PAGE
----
• The New York Times has editors.  So do weekly papers, but the Gray Lady has a robust staff that is trained to make sure nothing is printed without being checked.  Misteaks happen, but not so often.
  • That research journal is pure, peer-reviewed gold.  Some smart researcher wrote up his or her findings, and then a bunch of researchers in the same field picked it apart for accuracy and methodology.  It’s about as good a source as an encyclopedia could get.

And that’s why I am excited that there is to be a peer-reviewed journal focusing on a Pagan religion, because the scholarship it produces will be tailor-made for using in Wikipedia articles on Paganism.  So much of what we do and experience has not had serious scholarship applied, so it can be challenging to establish notability for the movers in this community, much less the concepts.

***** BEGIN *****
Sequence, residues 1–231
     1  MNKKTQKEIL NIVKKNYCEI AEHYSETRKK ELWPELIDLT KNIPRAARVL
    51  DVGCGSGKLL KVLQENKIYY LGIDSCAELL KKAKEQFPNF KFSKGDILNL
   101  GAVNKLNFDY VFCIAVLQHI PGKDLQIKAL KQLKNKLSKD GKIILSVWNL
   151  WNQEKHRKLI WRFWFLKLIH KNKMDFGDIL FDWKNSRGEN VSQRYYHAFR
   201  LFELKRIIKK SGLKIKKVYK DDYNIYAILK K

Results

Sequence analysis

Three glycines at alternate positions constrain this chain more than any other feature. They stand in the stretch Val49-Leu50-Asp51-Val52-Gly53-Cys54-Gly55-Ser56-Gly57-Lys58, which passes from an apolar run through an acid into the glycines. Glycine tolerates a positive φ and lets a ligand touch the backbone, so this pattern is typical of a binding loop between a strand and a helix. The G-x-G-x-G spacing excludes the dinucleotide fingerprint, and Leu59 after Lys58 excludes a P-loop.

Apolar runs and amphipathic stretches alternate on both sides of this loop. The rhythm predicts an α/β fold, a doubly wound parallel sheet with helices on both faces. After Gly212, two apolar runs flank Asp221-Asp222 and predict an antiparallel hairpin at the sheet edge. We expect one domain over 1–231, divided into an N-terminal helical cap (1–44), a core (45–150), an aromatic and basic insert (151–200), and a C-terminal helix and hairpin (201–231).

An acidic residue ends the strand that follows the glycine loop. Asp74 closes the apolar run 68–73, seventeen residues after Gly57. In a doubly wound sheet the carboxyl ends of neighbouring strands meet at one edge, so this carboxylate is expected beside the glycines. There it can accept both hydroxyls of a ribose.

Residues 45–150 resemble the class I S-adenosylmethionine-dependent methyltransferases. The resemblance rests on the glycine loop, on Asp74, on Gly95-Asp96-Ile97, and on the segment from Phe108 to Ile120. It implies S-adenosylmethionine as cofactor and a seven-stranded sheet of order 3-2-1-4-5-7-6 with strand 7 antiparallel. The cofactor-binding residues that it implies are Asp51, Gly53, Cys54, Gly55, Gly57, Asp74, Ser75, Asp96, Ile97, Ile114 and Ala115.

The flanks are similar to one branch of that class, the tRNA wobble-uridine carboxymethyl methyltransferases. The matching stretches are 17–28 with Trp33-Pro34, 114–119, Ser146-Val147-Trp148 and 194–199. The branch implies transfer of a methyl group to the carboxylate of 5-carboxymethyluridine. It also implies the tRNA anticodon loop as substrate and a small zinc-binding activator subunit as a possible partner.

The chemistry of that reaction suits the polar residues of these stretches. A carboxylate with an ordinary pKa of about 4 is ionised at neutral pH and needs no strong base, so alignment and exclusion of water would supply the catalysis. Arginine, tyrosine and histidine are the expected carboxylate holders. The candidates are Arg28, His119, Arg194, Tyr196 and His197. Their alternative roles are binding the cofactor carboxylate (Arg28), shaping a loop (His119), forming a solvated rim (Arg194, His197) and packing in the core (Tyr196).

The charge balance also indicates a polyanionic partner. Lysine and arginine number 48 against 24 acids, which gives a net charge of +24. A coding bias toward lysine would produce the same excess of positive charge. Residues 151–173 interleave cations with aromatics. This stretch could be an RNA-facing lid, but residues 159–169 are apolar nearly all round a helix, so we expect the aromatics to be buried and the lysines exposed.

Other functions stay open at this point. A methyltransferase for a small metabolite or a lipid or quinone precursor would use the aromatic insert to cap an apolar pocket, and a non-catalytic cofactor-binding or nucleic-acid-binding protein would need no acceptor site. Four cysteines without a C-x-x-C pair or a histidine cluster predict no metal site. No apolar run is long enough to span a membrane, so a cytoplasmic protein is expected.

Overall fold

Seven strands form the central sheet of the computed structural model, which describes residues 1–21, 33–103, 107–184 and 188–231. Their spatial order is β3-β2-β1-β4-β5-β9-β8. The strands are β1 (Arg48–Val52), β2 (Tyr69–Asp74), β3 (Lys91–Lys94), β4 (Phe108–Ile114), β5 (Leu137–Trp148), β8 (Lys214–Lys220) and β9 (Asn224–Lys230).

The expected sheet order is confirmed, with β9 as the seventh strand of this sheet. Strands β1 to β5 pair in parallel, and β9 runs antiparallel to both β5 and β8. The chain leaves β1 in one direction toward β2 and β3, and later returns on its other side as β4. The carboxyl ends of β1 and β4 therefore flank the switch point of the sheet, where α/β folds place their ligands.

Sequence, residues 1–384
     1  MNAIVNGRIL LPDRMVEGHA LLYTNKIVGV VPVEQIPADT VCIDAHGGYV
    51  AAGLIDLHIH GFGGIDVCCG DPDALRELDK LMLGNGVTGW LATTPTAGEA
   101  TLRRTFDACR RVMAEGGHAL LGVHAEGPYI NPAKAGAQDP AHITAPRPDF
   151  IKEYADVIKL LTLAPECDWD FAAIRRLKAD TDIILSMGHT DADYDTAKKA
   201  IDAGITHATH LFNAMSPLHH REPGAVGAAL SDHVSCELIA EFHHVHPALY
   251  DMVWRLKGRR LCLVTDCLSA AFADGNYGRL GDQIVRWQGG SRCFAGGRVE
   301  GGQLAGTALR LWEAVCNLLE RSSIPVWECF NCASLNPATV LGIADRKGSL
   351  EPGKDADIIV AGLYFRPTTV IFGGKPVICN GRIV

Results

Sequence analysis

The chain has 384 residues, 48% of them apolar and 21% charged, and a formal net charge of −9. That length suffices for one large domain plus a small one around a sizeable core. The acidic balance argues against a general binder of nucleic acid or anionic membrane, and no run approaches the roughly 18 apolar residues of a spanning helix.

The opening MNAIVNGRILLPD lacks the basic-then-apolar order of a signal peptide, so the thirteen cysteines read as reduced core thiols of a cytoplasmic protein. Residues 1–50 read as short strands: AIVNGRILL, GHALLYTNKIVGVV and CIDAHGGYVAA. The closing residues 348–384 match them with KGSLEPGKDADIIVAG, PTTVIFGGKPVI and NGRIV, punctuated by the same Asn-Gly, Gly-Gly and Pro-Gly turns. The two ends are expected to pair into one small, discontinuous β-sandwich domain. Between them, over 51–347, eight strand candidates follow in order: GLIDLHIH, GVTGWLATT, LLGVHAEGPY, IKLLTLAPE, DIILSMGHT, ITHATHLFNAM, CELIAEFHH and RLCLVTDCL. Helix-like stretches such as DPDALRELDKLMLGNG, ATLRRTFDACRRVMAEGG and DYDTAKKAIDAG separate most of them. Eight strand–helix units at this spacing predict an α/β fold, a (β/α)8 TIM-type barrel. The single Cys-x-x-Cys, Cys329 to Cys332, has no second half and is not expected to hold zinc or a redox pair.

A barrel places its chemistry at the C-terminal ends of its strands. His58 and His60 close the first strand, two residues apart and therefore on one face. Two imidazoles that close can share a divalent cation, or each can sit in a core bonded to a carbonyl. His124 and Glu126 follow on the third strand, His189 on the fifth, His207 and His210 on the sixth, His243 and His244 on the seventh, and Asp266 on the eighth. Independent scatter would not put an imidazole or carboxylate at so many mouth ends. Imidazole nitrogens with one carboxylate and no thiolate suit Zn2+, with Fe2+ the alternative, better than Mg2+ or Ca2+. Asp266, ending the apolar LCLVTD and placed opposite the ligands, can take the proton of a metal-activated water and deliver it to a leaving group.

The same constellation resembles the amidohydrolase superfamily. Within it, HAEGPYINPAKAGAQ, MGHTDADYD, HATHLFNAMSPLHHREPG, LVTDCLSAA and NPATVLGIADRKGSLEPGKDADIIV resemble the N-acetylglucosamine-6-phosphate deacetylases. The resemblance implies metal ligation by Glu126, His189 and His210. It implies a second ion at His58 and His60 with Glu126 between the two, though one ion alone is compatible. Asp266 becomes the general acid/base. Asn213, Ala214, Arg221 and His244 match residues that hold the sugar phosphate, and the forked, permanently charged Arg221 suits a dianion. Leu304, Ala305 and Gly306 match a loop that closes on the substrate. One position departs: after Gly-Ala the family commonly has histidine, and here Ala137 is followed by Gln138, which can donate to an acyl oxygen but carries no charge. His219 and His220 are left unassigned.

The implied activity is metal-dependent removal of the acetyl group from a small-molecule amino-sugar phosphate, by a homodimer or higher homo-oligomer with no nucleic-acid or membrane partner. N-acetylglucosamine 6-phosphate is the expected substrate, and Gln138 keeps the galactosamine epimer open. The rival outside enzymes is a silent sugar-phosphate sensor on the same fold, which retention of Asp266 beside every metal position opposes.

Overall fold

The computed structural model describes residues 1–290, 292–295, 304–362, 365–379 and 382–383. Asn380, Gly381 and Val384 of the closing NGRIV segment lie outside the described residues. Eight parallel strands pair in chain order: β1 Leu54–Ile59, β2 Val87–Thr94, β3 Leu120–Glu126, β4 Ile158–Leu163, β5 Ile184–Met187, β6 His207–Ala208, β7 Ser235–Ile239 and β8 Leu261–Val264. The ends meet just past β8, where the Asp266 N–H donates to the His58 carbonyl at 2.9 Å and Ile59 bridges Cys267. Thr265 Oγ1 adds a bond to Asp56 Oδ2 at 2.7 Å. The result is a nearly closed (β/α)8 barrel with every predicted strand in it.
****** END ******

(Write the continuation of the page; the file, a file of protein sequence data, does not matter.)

Better sources is part of the solution.  More Pagans editing Wikipedia, Pagans who understand the Byzantine structure of the site and its rules, will help more.  There’s actually a page to organize the work already, but it’s dangerously inactive.  That, however, is another bite at the apple.

This post is part of a series on Wikipedia for Pagans, a series of tutorials about and reports on why Pagans should edit Wikipedia.

Wikipedia 101: watching articles

The best — perhaps only — reason I’d like to see more Pagans create Wikipedia accounts is so they can keep an eye on articles of interest to the Pagan community.  The process is literally called watching articles, and it’s done using the watchlist.  Simple enough?

Once you log in to your account, this is your Wikipedia watchlist.  It’s a running log of every change recently made to articles you’re interested in, or watching.  Let’s discuss why watching articles is a good thing, then dig into the mechanics of doing it.

The MediaWiki software which powers Wikipedia never forgets anything.  That’s actually true with virtually anything you save online these days, but Wikipedia uses it as a strength, rather than treating it like a dirty little secret.  In the encyclopedia that anyone can edit, everyone can see each of those edits because every version of every page is saved on the site’s servers.  (If you think that this must take a huge amount of memory, you’re right.)